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What if the unthinkable becomes all too real?

What will we be doing if Donald Trump loses the election and discredit the results? What happens when he refuses to peacefully transfer power come Jan. 20? We need to be talking about this now.

Tim Stevenson is a community organizer with Post Oil Solutions and author of Resilience and Resistance: Building Sustainable Communities for a Post Oil Age (2015, Green Writers Press).

Athens

I am assuming that for all of us, there is no question what we’ll be doing on Nov. 3. If we haven’t done so already through mail-in ballots, we will be participating in what is unquestionably the most important act that we as citizens of this country have ever done.

We will be electing the next president of the United States, and in so doing, deciding the fate of our threatened democracy.

But what happens after Election Day? What will we be doing if Donald Trump loses, and perhaps by a landslide (as polls presently indicate is quite possible), and he then engages in the variety of maneuvers that he has promised to discredit the results?

What happens when he refuses to comply with a Constitutionally mandated, peaceful transfer of power come Jan. 20?

Are we prepared to resist and prevent such an attempted coup on the part of the present occupant of the White House?

It is important that we give serious thought about this now and not wait until Nov. 4, when events could be cascading helter-skelter, overwhelming us.

* * *

For those of us who share this concern, we need to be having conversations with our families and friends, neighbors and fellow parishioners, work and school mates. We need to be asking them if they are thinking about what they will be doing on Nov. 4.

We need to be doing this most important task right now, especially with the many people we know who are not necessarily activists but whose hearts are in the right place.

This large group of non-activists — the bulk of our allies and friends who, while expressing supportive sentiments, don’t usually demonstrate them in public actions — need to be involved on Nov. 4 and for whatever follows. They will potentially make the decisive difference in preventing an attempted Trump coup.

* * *

We might come up with a variety of options, including peacefully protesting and engaging in acts of nonviolent civil disobedience, work stoppages, and school strikes; de-escalating potential violence, and providing mutual aid and community protection.

We could join local groups while being part of a larger, nationwide resistance, though it is important that whatever our efforts, they remain centered on our local communities and their well-being. This is where our power resides as a people.

We should also participate in local forums, such as the interactive workshop ”What Happens after Election Day?,” which a number of local, Brattleboro-based groups are co-sponsoring. The workshop takes place online from 6 to 8 p.m. on Thursday, Oct. 22. To register and for more information, visit bit.ly/583_afterelection.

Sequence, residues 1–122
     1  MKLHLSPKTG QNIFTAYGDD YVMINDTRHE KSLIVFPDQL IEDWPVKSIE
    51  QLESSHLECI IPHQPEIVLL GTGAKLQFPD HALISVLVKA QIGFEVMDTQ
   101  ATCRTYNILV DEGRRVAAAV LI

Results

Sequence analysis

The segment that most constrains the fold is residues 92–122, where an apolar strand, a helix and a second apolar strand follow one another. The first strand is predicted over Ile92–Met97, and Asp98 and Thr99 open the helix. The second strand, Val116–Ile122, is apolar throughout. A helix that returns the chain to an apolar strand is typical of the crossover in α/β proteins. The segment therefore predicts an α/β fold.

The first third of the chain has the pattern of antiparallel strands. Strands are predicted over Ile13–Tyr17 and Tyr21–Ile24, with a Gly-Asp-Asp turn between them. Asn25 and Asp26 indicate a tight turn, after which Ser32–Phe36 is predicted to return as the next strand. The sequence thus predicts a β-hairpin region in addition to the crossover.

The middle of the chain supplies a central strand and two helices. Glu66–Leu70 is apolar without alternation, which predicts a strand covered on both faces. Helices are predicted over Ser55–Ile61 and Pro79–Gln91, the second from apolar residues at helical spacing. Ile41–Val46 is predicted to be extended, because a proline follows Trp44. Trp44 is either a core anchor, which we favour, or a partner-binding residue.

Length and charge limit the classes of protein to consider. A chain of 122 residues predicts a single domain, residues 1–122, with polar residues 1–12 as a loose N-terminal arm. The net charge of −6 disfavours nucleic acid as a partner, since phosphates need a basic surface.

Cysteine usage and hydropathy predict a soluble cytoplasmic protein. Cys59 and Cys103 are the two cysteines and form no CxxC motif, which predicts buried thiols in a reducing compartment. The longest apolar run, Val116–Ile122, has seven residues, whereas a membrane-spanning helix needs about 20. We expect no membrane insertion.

* * *

This is not a hypothetical exercise that I’m suggesting, but one that takes seriously what Trump has been talking about daily over recent months.

The president insists that the only way he can be defeated by the American people is through a fraudulent vote, especially with the use of write-in ballots. Trump is desperate, and on the basis of his observed behavior, we know that he is quite capable of the unthinkable.

We need to keep in mind that for Trump, retaining his office is a life-and-death matter, for once he is no longer president, he loses the protection the presidency currently affords him from being pursued by law for the several federal crimes he has allegedly committed.

We also need to keep in mind that we cannot count on the institutional safeguards that, in the past, might have protected us from the kind of authoritarian outrage that Trump threatens us with.

The power of an imperial presidency has been gathering strength since at least the administration of Richard Nixon and has achieved its most dangerous expression with Trump, who has declared on several occasions that under Article II of the Constitution, “I have the right to do whatever I want as president.”

Over the past four years, we have witnessed the further shredding of the Constitution, the appointment of many ultra-conservative justices, and the erosion of the separation of powers between the executive, legislative, and judicial branches of government. We have also seen the politicization of law enforcement.

All of which advances a totalitarian state.

* * *

Perhaps what we fear will not come to pass — but I wouldn’t count on it.

Ultimately, it is our responsibility to protect and preserve our democracy. This is our job as citizens of our democracy. If we don’t do it, no one is going to do it for us.

And this begins now, by talking with one another about Nov. 4, by discussing what we’re going to do should what some of us would like to dismiss as unthinkable becomes all too real.

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Originally published in The Commons issue #583 (Wednesday, October 14, 2020). This story appeared on page B1.

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